Жигули – is it a pub? is it a cafeteria? is it a nightclub?

19 Oct

Well actually, originally, it’s a car… And then a beer, and then a place to sell the beer. And they sell it well!

Жигули… I love this place, but I have an inkling that it is a bit like Marmite, you love it or you hate. I cannot possibly conceive that anyone could be indifferent to it.

Жигули is a famous brand of Russian beer, a nicely priced, nice to drink lager. It wouldn’t knock a parrot of its perch but it certainly might make it wobble a bit. And as it so happens, this beer has a bar. And the only suitable description I could come up with, is that:

“Жигули is the Russian version of a pub”

NO, it does not look like a pub, in any manner shape or form. Once you have managed to get through the large heavy glass doors, you will be confronted with panels of old school soviet style photos of happy old men and families sitting around gutting a fish – but larger that life and very cool.

Go straight ahead and you will end up in the most happening nightclub of the 80’s / 90’s, which plays Soviet and Russian pop (always a winner). If you’re lucky, you may stumble into a wedding and be received by nonplussed families who will ply you with drinks until they realise that no one knows you (and then ask you kindly to leave, no guns no bouncers, I promise).

Go left and, behind the panels, you will find the toilets, relatively clean, nothing to write home about, but obviously something to put in your blog.. Beware of the big chunky, nuclear bomb proof doors. I dare you to pull them open more than 20 centimetres.

Go right and you will find my favourite place in the world. Behind the panels you will see a room split in half. To one side, a cafeteria like set up with all the best culinary delights Russia has to offer, pies, pelmeni, soup, herring in a fur coat, cakes, chicken kiev … oh and the potatoes – a definite must have, they are amazing – just the right measure between buttery, salty and perfectly cooked – now coming from an Irish person, this is high praise! I digress, so move along the queue, don’t forget your tray and things at the beginning, and you will get to a mini sushi bar – can’t give any advice, sushi should be left to the sushi bars is my opinion – and just before the till is the “bar”. Well a small space behind which a young Russian man, who will probably continue to flirt shamelessly with the girl at the till until you make a disapproving tutting sound. Go straight to the till anyway, he won’t take orders until you have paid. Choose your beer along the way, bottled Жигули, Жигулиon tap, light, filtered, vodka, the list goes on… It is not extensive but they serve what is in demand – welcome to Russia my friends. You can also buy a selection of typical beer snacks, dried herring, dried squid (worth trying), nachos, any type of fish which is whole and dried and doesn’t require a knife or fork – it is excellent, well at least to watch people eating them, I am not sure I am that courageous just yet.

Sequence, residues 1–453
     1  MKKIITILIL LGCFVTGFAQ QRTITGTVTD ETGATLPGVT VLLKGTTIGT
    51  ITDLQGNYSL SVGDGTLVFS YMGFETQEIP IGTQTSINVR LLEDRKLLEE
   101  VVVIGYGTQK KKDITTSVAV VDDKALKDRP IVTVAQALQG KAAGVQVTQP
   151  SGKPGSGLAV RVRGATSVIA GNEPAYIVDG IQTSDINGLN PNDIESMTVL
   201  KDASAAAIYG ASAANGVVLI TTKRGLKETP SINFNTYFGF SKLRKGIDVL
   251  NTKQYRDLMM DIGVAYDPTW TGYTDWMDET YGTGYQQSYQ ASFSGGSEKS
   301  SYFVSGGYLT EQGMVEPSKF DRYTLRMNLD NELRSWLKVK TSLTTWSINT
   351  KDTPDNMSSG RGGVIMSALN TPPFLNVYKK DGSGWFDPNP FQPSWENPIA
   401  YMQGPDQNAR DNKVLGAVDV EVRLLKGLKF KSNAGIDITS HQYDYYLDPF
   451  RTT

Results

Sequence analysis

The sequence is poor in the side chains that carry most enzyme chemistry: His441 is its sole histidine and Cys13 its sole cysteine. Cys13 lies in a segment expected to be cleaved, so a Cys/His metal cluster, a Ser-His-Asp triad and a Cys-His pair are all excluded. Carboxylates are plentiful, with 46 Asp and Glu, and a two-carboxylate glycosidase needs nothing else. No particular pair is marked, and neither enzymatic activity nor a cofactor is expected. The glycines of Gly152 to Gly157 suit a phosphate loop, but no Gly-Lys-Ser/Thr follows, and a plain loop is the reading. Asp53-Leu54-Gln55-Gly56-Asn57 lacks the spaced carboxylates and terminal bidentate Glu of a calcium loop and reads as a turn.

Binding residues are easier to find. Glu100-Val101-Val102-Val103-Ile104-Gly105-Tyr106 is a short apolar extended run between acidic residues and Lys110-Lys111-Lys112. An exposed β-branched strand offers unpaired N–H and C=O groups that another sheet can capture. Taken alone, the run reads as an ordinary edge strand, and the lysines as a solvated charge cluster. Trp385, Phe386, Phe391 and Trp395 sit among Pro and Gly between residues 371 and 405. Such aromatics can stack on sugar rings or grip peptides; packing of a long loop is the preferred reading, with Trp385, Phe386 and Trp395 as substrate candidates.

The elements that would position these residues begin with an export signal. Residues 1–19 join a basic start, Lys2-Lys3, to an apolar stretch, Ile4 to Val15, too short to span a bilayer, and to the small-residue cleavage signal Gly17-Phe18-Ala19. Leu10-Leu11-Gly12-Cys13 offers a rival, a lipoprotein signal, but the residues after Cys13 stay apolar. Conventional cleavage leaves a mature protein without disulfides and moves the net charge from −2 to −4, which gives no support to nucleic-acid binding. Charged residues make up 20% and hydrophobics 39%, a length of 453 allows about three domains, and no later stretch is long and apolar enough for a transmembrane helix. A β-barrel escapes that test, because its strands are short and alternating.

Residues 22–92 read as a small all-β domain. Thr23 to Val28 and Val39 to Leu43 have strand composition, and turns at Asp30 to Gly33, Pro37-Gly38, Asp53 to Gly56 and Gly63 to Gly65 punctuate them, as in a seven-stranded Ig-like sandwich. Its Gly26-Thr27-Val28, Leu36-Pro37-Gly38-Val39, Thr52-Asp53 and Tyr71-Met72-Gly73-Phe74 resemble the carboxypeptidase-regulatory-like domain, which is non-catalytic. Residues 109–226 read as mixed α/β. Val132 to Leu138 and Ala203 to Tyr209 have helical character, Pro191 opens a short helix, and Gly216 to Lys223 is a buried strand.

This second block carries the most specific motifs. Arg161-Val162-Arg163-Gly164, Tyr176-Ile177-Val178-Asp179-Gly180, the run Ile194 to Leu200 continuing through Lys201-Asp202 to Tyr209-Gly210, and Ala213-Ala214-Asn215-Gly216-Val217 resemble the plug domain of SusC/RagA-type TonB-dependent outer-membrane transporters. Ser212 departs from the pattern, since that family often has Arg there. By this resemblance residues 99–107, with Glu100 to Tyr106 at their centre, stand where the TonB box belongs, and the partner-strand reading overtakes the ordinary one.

Seating – enjoy the communal set out of the area, choose a bench along the large expanse of joined table, make some friends (or not) and enjoy the laid back atmosphere. Sit along the windows (which run along the whole front of the building) to watch the furs go by during the winter.

The staff don’t speak English, but you can get by with a few words, like the name of the beer you want and generally pretending to understand and handing a 500rub note at the end, including main course, beer and desert, and beer snacks. Bear in mind a pint of Жигули is only about 100rub.

So why is this place like a pub? The main inhabitants of Жигули are male, they range from businessmen to builders to students, as well as the occasional FSB agent. They play football and ice hockey on the television, and watching Russians getting riled up about sports is as close as you can come to your local back home!

Жигули keeps it simple, food, drink and ash trays. It’s clean and has an effortless style to it. It’s not classy, it’s a pub, sometimes noisy, sometimes serious but it’s always there. If I lived on the Arbat, I know it would be my local.

Word of warning, this place can get quite smoky in the evening so not for the terminally ill, allergic to smoke or people with high standards. It also gets very busy on Fridays after work, send someone early to stake out some territory!

How to get there?  Nestled between the old arbat and the new arbat. New arbat, looks for the little orthodox church beneath the large cement building. Жигули is down the street on the other side of the road. Look for a large television advertising screen (samsung or seimens), and turn down there. It is the first building on your right. From the Old Arbat, coming from Arbatskaya, it is on your right right, about 7min down the Stari Arbat, you will see a really weird Georgian restaurant on the corner with a huge (I mean massive) wine vase Roman style jug thing embedded in a wall, walk up there and it will be on your left. The street is short, you can’t miss it!

Check out their website: http://zhiguli.net/


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